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Type: Thesis
Title: Smart building façades using nanoparticle thermochromic technology: from fabrication to implementation
Author: Aburas, Marina
Issue Date: 2020
School/Discipline: School of Architecture and Built Environment
Abstract: Glass windows are integral to almost any building design, letting in natural light and offering views to connect our living spaces with the outside. They also play a major role in the energy consumption of buildings, and can account for up to 50% of energy used by HVAC and lighting systems. Thermochromic window technologies offer energy-saving capabilities by regulating window optical properties in response to real-time outdoor temperature. Prior thermochromic technology research focused heavily on material development, with little consideration of end-user options and preferences. To this end, the main research topic addressed by this thesis is the comprehensive trade-off between optical properties and the applicability of nanoparticle thermochromic technologies for use in façade systems. The research opens by identifying limitations of existing studies into thermochromic smart windows and provides novel approaches to fill the gaps. The first part of the investigation presents the fabrication of in-house nanoparticle thermochromic glass with variable luminous transmittance (30 to 75%) and infrared modulating capability (2 to 6%), tuned by adjusting the thickness of spin-coated thin-films. Subsequently, the effects of thin-film thickness on transmittance, solar modulation, energy saving, and visual and thermal performance were explored via building simulations for Hot Desert, Mediterranean, Temperate Oceanic, and Subarctic climates. The thickest film (Tlum = 30%) showed the highest relative energy saving over a comparatively tinted window for a Hot Desert climate (in-line with the current consensus that thermochromic windows are best suited for warmer climates), whereas in Subarctic climates this occurred with thinner films (Tlum = 75%). The thermochromic windows were shown to reduce overall peak loads and visual discomfort in the space. Finally, the effect of varying transmittance of the thermochromic coatings on visual comfort was studied to conclude the research. The test films were chosen to closely match the visible properties of the developed glazing with varying CCT (~2300 to 6200K). Window films were tested under simulated daylight, where various methods were used to quantify human perception and performance. The study found participants were able to correctly differentiate between the warmer CCT spaces, noting lighting to be more natural under neutral as opposed to warmer CCT window films, and incorrectly associating decrease in CCT with a decrease in brightness levels. The significance of this work lies in the holistic investigation of thermochromic technologies, offering valuable insights for coating fabrication tailored to building user preferences. Overall, this should help improve the way smart windows are incorporated into façade designs.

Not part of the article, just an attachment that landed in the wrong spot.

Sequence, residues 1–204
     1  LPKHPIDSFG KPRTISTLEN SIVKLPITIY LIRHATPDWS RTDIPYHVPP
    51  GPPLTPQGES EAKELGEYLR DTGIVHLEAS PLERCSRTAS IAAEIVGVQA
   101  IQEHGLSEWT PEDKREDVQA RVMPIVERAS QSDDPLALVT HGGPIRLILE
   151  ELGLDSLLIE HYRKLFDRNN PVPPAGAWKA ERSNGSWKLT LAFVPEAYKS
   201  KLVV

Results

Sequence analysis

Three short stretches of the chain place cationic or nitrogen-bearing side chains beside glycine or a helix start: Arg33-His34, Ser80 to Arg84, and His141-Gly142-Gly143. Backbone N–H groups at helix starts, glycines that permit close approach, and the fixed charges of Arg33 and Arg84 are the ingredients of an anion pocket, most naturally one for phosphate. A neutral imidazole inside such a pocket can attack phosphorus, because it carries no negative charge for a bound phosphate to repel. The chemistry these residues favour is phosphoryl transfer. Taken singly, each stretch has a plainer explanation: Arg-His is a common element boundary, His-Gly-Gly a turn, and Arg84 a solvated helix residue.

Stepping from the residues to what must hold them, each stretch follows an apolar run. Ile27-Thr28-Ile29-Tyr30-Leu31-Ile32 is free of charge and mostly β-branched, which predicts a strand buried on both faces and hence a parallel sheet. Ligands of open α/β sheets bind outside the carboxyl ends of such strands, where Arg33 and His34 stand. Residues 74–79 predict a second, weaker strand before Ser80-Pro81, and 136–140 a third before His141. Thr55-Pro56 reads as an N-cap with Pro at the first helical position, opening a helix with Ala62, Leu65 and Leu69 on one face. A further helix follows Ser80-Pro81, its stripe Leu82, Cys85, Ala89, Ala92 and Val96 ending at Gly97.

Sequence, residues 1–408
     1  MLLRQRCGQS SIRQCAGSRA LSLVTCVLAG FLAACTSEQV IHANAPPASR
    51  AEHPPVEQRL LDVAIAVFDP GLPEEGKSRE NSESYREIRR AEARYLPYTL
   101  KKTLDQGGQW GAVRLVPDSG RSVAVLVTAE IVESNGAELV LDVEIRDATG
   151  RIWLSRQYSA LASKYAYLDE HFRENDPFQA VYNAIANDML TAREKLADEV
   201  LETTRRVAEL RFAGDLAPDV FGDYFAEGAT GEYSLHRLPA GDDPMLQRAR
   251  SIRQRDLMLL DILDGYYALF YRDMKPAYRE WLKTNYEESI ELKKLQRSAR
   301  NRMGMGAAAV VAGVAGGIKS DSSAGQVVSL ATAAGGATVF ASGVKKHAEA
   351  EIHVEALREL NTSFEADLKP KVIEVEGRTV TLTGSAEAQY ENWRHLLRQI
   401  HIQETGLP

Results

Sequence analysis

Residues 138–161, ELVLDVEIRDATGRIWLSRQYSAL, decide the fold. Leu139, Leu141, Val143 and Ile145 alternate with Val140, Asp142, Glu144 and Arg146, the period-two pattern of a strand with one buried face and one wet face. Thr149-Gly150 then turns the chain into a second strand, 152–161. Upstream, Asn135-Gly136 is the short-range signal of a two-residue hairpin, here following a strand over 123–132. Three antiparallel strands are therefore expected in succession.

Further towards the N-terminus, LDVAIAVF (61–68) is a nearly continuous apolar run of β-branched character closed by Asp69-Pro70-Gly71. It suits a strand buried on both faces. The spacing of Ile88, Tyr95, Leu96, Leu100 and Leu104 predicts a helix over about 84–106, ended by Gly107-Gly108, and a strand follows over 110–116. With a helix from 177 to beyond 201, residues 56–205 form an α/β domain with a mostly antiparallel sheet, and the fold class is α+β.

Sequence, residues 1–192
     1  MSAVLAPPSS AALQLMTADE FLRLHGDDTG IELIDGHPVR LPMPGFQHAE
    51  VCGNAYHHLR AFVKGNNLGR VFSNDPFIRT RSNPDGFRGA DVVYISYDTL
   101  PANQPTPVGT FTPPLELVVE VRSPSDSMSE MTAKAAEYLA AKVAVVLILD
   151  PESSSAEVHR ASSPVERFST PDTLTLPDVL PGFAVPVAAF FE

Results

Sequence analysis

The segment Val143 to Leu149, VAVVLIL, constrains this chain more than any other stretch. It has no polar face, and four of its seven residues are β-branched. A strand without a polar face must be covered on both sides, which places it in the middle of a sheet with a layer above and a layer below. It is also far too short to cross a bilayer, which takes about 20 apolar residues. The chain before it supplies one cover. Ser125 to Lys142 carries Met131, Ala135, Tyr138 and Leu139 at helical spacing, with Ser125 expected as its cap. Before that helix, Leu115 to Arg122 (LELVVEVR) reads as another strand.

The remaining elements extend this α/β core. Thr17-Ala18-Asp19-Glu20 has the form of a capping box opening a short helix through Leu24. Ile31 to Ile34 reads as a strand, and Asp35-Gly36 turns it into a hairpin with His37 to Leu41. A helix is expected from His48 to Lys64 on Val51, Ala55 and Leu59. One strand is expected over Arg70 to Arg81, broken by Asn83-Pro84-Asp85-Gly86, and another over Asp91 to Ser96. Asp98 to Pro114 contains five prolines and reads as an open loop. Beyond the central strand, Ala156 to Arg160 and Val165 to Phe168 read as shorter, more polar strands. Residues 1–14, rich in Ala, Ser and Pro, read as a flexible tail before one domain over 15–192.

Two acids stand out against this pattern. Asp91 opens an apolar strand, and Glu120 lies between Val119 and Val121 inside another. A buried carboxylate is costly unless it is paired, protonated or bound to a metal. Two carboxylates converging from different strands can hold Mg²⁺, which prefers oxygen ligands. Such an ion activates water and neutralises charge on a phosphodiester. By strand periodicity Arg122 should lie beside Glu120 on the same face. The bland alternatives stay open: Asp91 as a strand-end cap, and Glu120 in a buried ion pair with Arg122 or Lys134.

Advisor: Soebarto, Veronica
Williamson, Terrence
Ebendorff-Heidepriem, Heike
Wu, Yupeng
Dissertation Note: Thesis (Ph.D.) -- University of Adelaide, School of Architecture and Built Environment, 2020
Keywords: Smart glass
thermochromic glazing
façade design
building simulation
visual comfort
Provenance: This thesis is currently under Embargo and not available.
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